An egg-ceptional lawsuit


David Hejmanowski - Contributing Columnist



“Apparently Mr. Loeb and his counsel, knowing that he was about to lose decided to attempt to save face by taking their proverbial ball and going home.”

— Fred Silberberg

Attorney for Sophia Vergara

“While this might seem like an extremely bizarre kind of case, a Louisiana judge could very well say, ‘I’m going to protect the lives of these two embryos.’”

— Lisa Bloom

NBC Legal Analyst

There are documented cases of people being sued by their kids, by their pets, by the estates of deceased relatives and even by property that they own. An eye-catching headline this week tells of a newly filed case in which actress Sophia Vergara is being sued by frozen pre-embryos that were created by the fertilization of her eggs with the sperm of her former fiancée, businessman Nick Loeb.

Vergara and Loeb were dating and were engaged to be married in 2013 when they had two of Vergara’s eggs fertilized. The actress was then 41 years old and Loeb has told news outlets that they were preparing to have children later in their marriage. Their relationship ended before a wedding ever took place, but the fertilized eggs remain frozen. And that’s where the legal situation gets very complicated.

State laws relating to fertilized eggs vary greatly. Most states make it clear that if a woman has an egg removed and that egg remains frozen awaiting fertilization, then the decision on what to do with the frozen egg rests entirely with the woman from whom the egg was removed. However, if the egg is fertilized with sperm from a known donor, then decisions about the pre-embryo become much more legally complicated.

IVF clinics counsel patients about the potential legal consequences and complications involving situations in which couples freeze fertilized eggs but then either separate or one or both halves of the couple die. As many IVF patients do, Vergara and Loeb entered into an agreement on their rights relative to the fertilized eggs, and that agreement is now at the center of the their dispute.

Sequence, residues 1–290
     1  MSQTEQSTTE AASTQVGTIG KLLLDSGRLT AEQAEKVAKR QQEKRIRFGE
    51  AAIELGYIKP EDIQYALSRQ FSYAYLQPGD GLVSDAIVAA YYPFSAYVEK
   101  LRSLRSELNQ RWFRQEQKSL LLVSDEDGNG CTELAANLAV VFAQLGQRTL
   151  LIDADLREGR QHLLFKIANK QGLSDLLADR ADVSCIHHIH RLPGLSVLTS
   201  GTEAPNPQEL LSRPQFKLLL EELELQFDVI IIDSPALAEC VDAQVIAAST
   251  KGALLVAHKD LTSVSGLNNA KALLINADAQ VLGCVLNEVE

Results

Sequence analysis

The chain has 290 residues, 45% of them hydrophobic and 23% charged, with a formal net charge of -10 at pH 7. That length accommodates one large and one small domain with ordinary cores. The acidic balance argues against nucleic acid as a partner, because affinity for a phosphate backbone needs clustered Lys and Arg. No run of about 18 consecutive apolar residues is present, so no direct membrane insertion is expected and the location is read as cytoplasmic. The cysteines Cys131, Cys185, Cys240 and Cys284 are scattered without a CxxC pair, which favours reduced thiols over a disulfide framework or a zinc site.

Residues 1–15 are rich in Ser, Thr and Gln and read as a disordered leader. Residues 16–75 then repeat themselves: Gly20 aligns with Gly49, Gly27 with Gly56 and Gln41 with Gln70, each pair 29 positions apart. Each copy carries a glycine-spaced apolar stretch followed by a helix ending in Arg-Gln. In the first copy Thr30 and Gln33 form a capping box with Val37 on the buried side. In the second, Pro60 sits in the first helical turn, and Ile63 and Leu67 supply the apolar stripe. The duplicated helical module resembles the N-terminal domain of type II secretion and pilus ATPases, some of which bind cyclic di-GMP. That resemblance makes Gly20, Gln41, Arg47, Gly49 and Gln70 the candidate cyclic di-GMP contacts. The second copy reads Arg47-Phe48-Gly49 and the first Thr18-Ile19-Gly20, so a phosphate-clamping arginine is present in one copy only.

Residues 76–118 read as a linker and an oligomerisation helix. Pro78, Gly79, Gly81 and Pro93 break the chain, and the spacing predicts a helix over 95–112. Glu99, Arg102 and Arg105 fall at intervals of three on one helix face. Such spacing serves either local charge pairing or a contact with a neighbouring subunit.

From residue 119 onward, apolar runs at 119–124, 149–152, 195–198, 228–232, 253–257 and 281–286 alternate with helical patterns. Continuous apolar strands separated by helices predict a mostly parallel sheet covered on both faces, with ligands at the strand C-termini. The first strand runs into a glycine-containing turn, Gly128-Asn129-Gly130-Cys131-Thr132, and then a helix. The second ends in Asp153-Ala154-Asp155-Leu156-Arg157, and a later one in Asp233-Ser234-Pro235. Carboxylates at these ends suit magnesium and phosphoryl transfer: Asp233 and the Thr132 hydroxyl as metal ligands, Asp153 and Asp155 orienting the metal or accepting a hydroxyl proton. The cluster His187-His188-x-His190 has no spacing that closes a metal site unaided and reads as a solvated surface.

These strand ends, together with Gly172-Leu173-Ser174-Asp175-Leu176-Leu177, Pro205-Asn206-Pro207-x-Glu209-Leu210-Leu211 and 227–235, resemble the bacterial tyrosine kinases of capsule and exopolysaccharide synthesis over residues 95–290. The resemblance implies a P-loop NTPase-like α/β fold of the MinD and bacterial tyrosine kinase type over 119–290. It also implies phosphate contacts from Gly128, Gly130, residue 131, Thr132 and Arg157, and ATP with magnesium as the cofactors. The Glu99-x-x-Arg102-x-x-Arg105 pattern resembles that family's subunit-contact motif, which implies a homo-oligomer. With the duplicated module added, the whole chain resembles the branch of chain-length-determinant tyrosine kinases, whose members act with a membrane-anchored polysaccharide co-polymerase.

But how did the situation get to a point where the eggs are actually suing Vergara? To begin with, Loeb claims that the agreement is unclear on how to handle the current facts. Both sides have stated that the agreement provides that the eggs cannot be implanted without their mutual consent, but Loeb claims that there are no provisions allowing for one party to unilaterally destroy them.

Loeb filed a lawsuit last year to prevent Vergara from destroying the eggs and Vergara’s attorneys have filed a motion to dismiss that lawsuit. Now, a trust has been established in Louisiana on behalf of the eggs and the new lawsuit has been filed in that state against Vergara. The choice of the Pelican State is not accidental- it has laws that are favorable to the rights of embryos and pre-embryos to bring these kinds of lawsuits.

This particular lawsuit will likely take many more twists and turns, some jurisdictional, some contractual and some that may set new precedent as the rights of fertilized eggs are explored in the ongoing context of the broader debate on abortion and the point at which life begins.

The case should serve to caution those who are using the technological advances of IVF to make sure that they are fully exploring and protecting their legal rights by consulting not only their physicians, but also their legal counsel.

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David Hejmanowski

Contributing Columnist

David Hejmanowski is Judge of the Probate/Juvenile Division of the Delaware County of Common Pleas.

David Hejmanowski is Judge of the Probate/Juvenile Division of the Delaware County of Common Pleas.